My scariest Minnesota Twins fan moment: it’s raining hot dogs!

10 Sep 1995: Second baseman Chuck Knoblauch of the Minnesota Twins looks on during a game against the California Angels at Anaheim Stadium in Anaheim, California. The Twins won the game, 9-8.
10 Sep 1995: Second baseman Chuck Knoblauch of the Minnesota Twins looks on during a game against the California Angels at Anaheim Stadium in Anaheim, California. The Twins won the game, 9-8. /

On Halloween, some of us here at Puckett’s Pond are taking the opportunity to share our scariest moments as Minnesota Twins fans with you!

As we Minnesota Twins fans know all to well, sometimes the product on the field isn’t exactly pleasing, and sometimes it can be downright scary. This Halloween, the staff here at Puckett’s Pond are sharing some of our scariest moments as Twins fans.

My scariest moment at a Minnesota Twins game occurred during my college years, back when the Twins were still working their way up to being “good”.

The Set Up

In 1991, this whole night would have seemed impossible. Chuck Knoblauch was a gritty, table-setting rookie at the top of the Minnesota Twins lineup that won the World Series. By the mid-1990s, he was one of the best players in the entire game, averaging .321/.420/.470 with 32 doubles, 11 triples, 11 home runs, and 51 steals per season from 1995-1997. However, the Twins increasingly were becoming a one-man show around him. Expressing his frustration got him painted in a negative way in the Minnesota media at the time, and eventually he asked simply to be traded.

In all reality, the trade of Chuck Knoblauch was singularly the move that allowed the success of the 2000s. Key pieces to the success of those teams, Eric Milton and Cristian Guzman, were the key pieces of the deal, and one of the secondary pieces, Brian Buchanan would go on to be traded for Guzman’s successor at short, Jason Bartlett.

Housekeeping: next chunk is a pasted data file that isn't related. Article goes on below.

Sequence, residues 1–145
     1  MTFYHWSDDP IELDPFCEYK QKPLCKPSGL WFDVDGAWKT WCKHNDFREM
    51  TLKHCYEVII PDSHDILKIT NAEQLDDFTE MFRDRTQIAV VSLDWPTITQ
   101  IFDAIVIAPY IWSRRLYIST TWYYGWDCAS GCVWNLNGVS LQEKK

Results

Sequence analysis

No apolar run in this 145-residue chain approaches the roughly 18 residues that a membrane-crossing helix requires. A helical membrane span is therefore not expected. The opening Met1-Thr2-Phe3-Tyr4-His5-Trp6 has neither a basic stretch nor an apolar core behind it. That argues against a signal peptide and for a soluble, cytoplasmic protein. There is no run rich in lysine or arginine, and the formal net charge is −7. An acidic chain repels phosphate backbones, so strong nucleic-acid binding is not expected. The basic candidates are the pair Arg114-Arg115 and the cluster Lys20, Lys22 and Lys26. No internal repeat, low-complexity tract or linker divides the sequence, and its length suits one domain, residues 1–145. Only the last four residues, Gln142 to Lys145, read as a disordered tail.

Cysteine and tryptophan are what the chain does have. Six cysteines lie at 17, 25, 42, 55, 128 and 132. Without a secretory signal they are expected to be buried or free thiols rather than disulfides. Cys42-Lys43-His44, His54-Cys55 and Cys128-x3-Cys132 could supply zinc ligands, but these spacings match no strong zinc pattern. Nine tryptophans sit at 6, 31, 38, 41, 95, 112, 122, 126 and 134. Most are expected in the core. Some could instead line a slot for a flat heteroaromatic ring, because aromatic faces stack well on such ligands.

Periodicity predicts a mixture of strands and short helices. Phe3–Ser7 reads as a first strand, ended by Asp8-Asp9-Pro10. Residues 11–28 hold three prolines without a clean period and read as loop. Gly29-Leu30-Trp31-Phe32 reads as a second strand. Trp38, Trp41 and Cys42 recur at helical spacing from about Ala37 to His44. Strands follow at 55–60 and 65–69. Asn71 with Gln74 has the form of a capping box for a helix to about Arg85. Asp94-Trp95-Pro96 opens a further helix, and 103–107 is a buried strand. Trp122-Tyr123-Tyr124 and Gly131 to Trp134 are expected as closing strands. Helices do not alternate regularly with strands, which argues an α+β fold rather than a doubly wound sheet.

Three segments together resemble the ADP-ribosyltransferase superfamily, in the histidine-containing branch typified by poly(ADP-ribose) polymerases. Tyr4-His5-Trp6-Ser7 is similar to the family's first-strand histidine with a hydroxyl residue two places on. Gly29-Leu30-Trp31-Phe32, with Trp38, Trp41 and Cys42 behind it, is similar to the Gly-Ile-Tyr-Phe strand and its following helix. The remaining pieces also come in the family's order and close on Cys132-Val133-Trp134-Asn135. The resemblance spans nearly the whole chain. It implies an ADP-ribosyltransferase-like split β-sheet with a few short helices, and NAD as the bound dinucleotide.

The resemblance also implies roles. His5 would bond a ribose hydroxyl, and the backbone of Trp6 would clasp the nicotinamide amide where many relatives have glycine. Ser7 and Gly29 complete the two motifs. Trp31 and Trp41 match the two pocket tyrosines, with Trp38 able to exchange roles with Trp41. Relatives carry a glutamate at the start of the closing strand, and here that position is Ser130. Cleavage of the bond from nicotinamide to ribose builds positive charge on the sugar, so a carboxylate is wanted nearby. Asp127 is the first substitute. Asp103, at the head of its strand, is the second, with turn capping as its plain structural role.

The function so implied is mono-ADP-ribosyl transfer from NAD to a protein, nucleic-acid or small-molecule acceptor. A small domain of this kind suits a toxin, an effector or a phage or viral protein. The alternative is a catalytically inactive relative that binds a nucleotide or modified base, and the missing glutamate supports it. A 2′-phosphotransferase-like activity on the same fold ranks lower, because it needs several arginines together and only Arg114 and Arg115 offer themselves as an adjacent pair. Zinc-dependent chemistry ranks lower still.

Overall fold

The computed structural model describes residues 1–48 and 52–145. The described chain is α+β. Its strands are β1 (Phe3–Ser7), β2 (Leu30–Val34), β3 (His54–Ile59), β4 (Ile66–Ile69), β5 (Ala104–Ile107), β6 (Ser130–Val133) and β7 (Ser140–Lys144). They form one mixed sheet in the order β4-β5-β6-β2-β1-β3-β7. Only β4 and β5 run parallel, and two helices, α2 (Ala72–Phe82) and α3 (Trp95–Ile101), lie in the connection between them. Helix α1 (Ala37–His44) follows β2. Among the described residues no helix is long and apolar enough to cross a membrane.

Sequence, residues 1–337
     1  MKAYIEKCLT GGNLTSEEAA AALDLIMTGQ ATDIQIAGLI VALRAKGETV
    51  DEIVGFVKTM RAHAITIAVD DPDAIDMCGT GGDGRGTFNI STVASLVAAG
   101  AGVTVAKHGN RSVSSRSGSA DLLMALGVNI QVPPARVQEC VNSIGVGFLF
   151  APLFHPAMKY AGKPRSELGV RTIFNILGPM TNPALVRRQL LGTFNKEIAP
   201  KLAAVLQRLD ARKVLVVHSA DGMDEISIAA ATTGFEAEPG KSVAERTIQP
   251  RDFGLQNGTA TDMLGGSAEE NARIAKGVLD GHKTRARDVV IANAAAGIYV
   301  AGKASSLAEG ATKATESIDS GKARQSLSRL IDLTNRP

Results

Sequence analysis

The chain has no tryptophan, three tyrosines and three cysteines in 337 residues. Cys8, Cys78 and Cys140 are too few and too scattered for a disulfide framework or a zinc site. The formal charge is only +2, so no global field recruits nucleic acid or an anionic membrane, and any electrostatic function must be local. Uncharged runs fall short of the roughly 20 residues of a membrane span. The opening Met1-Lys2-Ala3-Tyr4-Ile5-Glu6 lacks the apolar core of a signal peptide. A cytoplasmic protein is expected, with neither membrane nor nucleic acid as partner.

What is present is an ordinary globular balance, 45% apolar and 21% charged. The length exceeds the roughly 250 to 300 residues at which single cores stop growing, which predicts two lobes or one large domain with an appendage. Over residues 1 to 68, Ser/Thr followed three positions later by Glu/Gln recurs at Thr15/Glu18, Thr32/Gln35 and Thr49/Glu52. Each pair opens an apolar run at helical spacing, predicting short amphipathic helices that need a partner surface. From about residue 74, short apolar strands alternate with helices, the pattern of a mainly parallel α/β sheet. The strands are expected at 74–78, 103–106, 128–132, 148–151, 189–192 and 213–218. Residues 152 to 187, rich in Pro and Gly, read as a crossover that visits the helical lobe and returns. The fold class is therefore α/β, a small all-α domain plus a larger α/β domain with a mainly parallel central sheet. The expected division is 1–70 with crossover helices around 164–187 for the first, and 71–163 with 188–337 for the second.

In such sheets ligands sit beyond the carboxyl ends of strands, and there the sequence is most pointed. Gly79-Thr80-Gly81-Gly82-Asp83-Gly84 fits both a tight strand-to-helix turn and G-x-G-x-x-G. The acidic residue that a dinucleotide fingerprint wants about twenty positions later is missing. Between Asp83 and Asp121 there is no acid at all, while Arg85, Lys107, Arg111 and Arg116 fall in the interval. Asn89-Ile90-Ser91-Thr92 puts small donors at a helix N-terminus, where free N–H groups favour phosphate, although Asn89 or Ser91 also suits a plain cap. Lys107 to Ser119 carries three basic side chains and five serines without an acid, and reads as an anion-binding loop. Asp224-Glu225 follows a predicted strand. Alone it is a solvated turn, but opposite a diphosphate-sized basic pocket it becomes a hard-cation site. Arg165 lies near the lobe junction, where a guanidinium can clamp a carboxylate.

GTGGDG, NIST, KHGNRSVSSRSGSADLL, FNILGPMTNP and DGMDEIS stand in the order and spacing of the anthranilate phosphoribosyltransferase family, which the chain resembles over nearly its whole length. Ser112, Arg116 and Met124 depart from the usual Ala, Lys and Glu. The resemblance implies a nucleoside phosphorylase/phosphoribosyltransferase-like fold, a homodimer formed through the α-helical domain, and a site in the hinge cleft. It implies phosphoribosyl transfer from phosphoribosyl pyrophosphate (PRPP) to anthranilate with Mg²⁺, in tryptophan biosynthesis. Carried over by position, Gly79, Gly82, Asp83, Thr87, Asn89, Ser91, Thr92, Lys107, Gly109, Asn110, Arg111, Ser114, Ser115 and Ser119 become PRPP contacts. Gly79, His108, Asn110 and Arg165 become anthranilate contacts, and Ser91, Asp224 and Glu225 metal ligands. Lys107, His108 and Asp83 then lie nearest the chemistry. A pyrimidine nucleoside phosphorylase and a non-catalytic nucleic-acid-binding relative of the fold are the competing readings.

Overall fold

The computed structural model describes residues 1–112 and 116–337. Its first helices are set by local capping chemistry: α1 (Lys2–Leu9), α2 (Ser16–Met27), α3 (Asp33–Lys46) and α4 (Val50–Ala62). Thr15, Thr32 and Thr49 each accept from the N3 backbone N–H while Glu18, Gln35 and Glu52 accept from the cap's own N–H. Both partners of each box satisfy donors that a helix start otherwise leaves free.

Instead, Knoblauch immediately was a centerpiece of one of the best Yankees teams in history in 1998, and he was part of two more World Series champions by the time he came with the Bronx Bombers to the Metrodome on May 2nd, 2001. By this point, Knoblauch had experienced the throwing yips from second base and moved to the outfield, but his bat was such that he was still the leadoff hitter in front of a Yankee lineup including names like Bernie, Jeter, Tino, Posada, and Justice, among plenty of others.

Another thing to recall is that the Metrodome during the lean years of the team had taken to pandering to the college population in the Twin Cities area with cheap tickets for general admission and “dollar dog” nights, where every hot dog was $1. For a college student on a budget, you could see a baseball game and eat multiple hot dogs for $5. It was a very good deal!

At that time in the history of the team, the hot dogs were truly unlimited. If you wanted 10 hot dogs, you could spend your $10 and purchase 10. There were many games in my collegiate career that my friends and I walked from our West Bank residence hall at the U of M over to the Metrodome in order to take in a game on a weeknight.

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The Frightening Ordeal